The AIA may have loomed largely in my mind, but it is housed discreetly on the 6th floor of a building owned by Boston University.  And it was there that I learned how one of the most exciting annual archaeological events came to fruition.

It started with Jane Waldbaum, one of the AIA’s governing board members, later the AIA President, who organized a family-friendly fair at the AIA’s annual meetings.  These meetings—like those of other large scientific organizations—are held at a different location each year, and they are geared toward professionals in the field.  The fair was a way of including the general public.

Dr. Thomas and his staff took that idea several steps further.

They brainstormed how to bring archaeology to more people, how to create a positive event—something that would engage a wider audience, not just the occasional announcement of a huge discovery and not in reaction to negative impacts within the field: looting, theft, vandalism.

“We wanted an event that said: ‘This is something that’s worth celebrating: our past, our culture, our cultural heritage, archaeology itself.’”

So they created National Archaeology Day.  There was no fee attached, there was no agenda. Any group could celebrate it and create its own set of events.  The idea was simply to highlight archaeology in all of its forms.

Meanwhile, he called Mike Adams, Outreach Manager at the Museum of Science Boston, and together they created the Archaeology Fair, now held each October at the museum.

“We wanted to tell people that archaeology can be local,” Dr. Thomas explained. “You don’t have to go to Egypt to experience archaeology; you can experience it in your own community. There’s always something going on.”

And, he continued, “[w]e wanted people to connect with each other, especially professionals and laypeople.”

The fair succeeds on both counts.  Thousands of people attend the event in Boston each year.  Tables of archaeological artifacts and archaeologists are dispersed in multiple areas throughout the museum. The day is filled with panel events and guest speakers, and anyone can ask any archaeologist questions about their work. While archaeologists who work in Egypt are often present, most of the fair consists of New England archaeologists who work in the area.  It is now in its 10th year.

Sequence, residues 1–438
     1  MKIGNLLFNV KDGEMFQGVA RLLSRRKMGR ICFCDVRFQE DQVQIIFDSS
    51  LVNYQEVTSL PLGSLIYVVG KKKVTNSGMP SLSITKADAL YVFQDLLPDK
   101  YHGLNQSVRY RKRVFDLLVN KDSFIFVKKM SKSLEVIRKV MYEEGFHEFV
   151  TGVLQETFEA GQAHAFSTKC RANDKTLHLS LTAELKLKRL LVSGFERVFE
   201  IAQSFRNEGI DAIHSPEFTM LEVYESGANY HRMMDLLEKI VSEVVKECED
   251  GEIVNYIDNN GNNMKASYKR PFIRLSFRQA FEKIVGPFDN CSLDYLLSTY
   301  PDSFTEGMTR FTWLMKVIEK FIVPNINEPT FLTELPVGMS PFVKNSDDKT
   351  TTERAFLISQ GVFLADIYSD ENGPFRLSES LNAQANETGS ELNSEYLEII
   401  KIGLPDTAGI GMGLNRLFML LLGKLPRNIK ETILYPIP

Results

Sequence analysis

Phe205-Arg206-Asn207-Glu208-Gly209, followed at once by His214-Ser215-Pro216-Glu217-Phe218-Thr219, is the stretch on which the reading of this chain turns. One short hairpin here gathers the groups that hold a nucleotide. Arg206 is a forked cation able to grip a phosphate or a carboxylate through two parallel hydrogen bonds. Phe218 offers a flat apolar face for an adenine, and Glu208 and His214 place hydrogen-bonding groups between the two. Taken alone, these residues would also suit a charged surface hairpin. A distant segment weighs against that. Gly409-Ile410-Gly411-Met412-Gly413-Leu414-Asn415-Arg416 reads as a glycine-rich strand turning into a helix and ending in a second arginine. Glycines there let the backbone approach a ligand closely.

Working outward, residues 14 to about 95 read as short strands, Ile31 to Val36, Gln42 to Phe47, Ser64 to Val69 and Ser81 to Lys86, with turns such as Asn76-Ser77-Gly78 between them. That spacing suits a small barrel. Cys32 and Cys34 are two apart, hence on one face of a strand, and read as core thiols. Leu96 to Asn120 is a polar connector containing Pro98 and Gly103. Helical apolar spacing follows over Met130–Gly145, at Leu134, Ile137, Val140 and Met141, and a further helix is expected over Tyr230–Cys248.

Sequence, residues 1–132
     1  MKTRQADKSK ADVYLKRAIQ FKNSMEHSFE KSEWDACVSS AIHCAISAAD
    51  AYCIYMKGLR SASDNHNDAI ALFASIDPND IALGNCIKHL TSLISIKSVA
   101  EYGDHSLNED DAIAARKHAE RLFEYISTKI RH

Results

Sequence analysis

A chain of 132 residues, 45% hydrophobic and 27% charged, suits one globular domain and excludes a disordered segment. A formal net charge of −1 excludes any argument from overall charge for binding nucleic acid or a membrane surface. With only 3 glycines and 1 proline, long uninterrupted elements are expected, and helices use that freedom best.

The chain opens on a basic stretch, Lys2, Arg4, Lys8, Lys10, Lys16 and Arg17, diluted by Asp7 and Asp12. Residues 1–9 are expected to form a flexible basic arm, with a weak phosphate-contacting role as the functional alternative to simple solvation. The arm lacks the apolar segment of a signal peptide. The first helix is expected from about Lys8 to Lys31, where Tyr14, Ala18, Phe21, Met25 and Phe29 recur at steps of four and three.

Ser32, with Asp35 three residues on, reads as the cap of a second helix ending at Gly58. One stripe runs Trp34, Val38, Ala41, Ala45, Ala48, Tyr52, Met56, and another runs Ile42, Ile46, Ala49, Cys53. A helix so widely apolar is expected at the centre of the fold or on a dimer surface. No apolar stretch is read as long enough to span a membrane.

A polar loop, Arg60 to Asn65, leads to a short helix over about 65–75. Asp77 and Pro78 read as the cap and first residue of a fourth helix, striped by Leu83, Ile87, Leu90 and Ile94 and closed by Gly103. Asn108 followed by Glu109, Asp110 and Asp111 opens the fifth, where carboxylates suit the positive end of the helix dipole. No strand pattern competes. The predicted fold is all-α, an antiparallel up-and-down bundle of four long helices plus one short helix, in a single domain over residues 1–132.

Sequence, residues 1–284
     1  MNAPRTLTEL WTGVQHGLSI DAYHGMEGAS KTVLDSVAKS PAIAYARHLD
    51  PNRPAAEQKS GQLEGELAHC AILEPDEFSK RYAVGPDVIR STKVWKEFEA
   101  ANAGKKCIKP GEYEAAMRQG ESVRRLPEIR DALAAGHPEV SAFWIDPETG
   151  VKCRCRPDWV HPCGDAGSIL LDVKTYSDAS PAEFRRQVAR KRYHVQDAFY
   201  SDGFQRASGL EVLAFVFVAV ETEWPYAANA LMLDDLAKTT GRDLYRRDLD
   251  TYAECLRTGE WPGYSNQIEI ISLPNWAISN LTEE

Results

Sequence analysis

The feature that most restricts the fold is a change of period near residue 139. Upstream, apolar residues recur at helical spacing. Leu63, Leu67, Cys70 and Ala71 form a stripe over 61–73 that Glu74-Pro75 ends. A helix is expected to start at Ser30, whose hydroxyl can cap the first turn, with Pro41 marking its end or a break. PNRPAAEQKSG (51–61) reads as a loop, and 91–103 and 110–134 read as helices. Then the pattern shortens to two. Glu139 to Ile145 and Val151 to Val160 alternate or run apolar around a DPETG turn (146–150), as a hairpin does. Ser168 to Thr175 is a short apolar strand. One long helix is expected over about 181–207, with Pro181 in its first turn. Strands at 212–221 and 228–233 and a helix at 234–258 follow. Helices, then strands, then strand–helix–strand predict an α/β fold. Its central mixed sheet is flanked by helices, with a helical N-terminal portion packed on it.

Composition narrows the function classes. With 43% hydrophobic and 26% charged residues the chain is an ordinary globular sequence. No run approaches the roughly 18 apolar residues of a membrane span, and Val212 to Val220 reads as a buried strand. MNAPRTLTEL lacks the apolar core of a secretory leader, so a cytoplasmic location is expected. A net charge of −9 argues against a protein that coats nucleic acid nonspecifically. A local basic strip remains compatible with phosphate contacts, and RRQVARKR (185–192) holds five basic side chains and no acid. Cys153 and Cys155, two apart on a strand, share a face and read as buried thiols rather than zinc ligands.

mos - arch - welcome sign

mos - arch - arch tool kit leveillee

mos - arch - native american tools

 

mos - arch - fried mealworm - voelkel

Images of the Archaeology Fair at the Museum of Science Boston in 2013; taken by the author

 

Another goal of the fair is to clarify what archaeology actually entails, a confusion that persists today with paleontology.  Often, the two distinctly different fields are believed to be one and the same, when, in fact, archaeology revolves around ancient people and their artifacts; paleontology studies extinct creatures—those that are not human.

“[The general public appears to have] great enthusiasm for archaeology,” said Dr. Thomas.  “But there’s also a lot of misunderstanding about what archaeology is and what archaeologists do. For a lot of people, [archaeology is] just about finding stuff.

“We try to emphasize the fact that the ‘stuff’ is just the means to an end. I mean, ultimately, what we’re trying to study is human behavior: what these people did, where they lived, how they behaved, what they ate, how they interacted with each other.  And the artifacts are just the clues.

“It’s: Why? Who? When? How? Those are the things that we’re trying to get to.

“Finding things is just the first step. I shouldn’t say the first step; it’s the middle step, because you’ve already done a ton of research, you know why you are looking for something where you’re looking, and then, when you find it, you have to figure out what it means.

“What it means, I think, is the most fascinating, although not the most visibly glamorous, because you’re in a library somewhere doing research and typing up reports on the lab.”

National Archaeology day quickly transformed into International Archaeology Day—a reflection of its popularity well outside US borders.  The number of organizations that supported and celebrated it surprised everyone at the AIA.  Sponsors of the day now include the National Park Service and National Marine Sanctuaries.

International Archaeology Day 2015

International Archaeology Day 2015, screenshot from the AIA website

******************

You can find local events for this upcoming International Archaeology Day in October here: https://www.archaeological.org/archaeologyday/events

Previous posts about the Archaeology Fair in Boston:

  1. Caitlin Davis: Mayan epigraphy: https://mostlymammoths.wordpress.com/2013/11/01/boston-archeology-fair-spotlight-caitlin-davis/
  2. Archaeology for Kids: Dig Magazine: https://mostlymammoths.wordpress.com/2014/01/07/archaeology-for-kids-dig-magazine/
  3. Origin of the Boston Archaeology Fair: https://mostlymammoths.wordpress.com/2013/11/13/boston-archeology-fair-its-origins-through-the-archaeological-institute-of-america/
  4. Marine Archaeology: Matthew Lawrence at Stellwagen Bank National Marine Sanctuary: https://mostlymammoths.wordpress.com/2013/11/01/boston-archeology-fair-spotlight-matthew-lawrence/
  5. Dr. George Mutter: Ancient Egypt in 3D Photographs: https://mostlymammoths.wordpress.com/2013/11/06/boston-archeology-fair-spotlight-dr-george-mutter-egyptian-images-in-3d/
  6. Alan Leveillee: Cultural Resource Management: https://mostlymammoths.wordpress.com/2013/11/12/boston-archeology-fair-spotlight-alan-leveillee/

Archaeology for kids! DIG Magazine